I had always found that individualism was strongly supported by the RC Church. This has always been one of its attractive feature for me. Its stance against despotic Marxist states was always to be admired.

    Mind you Russell, when he returned from the Soviet Union in its earlier days (with GBS and a collection of other dimwits) famously remarked that “The Russian people are slaves”.
    A good atheist spotted it too.

  • OldMeena

    Matthew 20: 1 – 16

    Yes. I thought I knew it already (I did) and have just re-read it.

    I take it it’s not meant to be taken literally. In this parable we are the workers in the vineyard, God is the landowner and the denarius is eternal life in heaven. Our payment for accepting Jesus Christ as our personal God and Saviour is eternal life in heaven. What the Parable of the Vineyard is saying is that it doesn’t matter what time we start working for God, as long as we starting working for him at some point we’ll get the same reward as everybody else.  Is that right?

  • Lewispbuckingham

     Well sort of .The parable hits you at your own level and time and state of mind.Its a parable of hope.
    For me it says God desires us so much he will do anything possible to have us freely assent to his love.
     What happened to NewMeena?

  • rjt1


  • OldMeena

    NewMeena was “taken over” by somebody pretending to be me – posting under the same name – and saying nasty things about Catholics that I would never say.I told CH about this, but the posts remained (at least for a considerable time – I gave up looking).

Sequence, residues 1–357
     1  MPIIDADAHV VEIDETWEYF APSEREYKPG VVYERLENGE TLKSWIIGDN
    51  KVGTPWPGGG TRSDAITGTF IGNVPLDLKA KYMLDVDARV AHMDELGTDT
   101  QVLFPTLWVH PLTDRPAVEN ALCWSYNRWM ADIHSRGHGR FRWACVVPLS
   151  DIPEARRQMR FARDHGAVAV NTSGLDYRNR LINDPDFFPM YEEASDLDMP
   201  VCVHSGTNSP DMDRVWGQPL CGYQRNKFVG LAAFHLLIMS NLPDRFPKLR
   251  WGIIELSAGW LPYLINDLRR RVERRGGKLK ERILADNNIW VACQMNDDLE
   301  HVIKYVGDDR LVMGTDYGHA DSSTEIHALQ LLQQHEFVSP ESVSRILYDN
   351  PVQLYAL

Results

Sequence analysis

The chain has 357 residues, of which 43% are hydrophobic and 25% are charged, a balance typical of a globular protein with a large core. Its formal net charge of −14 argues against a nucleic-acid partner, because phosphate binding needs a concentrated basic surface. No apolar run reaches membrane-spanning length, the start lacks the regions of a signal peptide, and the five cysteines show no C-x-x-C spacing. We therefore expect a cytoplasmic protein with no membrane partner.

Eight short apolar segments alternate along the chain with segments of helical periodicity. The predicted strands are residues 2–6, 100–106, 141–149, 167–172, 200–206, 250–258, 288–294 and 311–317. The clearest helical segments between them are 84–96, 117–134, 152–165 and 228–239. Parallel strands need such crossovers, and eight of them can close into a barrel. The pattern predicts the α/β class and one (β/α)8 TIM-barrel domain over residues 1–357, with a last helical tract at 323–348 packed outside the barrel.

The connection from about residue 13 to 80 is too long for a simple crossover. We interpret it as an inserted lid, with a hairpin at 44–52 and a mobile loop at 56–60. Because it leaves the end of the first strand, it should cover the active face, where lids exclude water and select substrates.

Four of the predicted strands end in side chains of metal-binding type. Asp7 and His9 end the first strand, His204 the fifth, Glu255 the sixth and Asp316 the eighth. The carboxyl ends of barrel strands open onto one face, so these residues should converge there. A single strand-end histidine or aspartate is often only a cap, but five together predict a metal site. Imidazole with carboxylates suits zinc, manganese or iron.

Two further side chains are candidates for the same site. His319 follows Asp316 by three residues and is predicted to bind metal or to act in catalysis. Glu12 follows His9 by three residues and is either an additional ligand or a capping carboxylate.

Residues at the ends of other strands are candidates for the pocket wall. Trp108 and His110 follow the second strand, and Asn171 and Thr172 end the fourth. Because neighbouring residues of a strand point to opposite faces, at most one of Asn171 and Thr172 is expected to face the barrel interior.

I suppose that some clerics in the past (we wouldn’t know about the present), including more than the odd one or two Cardinals, might have been thinking about this parable rather often during their lives.
    They had a fine old time. Richelieu is the best known, with his girl-friend Jacqueline, the sister of Blaise (Pascal). 

  • karlf

    We have been shown that our personalities can be drastically altered through changes to the physiology of the brain. This shows that our personalities are created by the physical nature of the brain itself, and if a part of our consciousness was to survive our death, how would it be similar in any way to who we are now? Without our bodies and our personalities what sort of creatures would “we” exist as in heaven?

    With these thoughts in mind, I consider your notions of an afterlife part of the “nonsense all around us”.

  • OldMeena

    Much (and often almost all) of the life of individuals is pre-determined for them.  If you are brought-up in a “strong” Catholic family, which also happens to be a good family, you will probably end up a devout Catholic – or at least a believer. If there’s money for a good public school and you are of average intelligence (or quite a bit below it) you will probably go to a proper university and probably (too) have a comfortable life. And may I just say: “etc”? – I think you get the idea.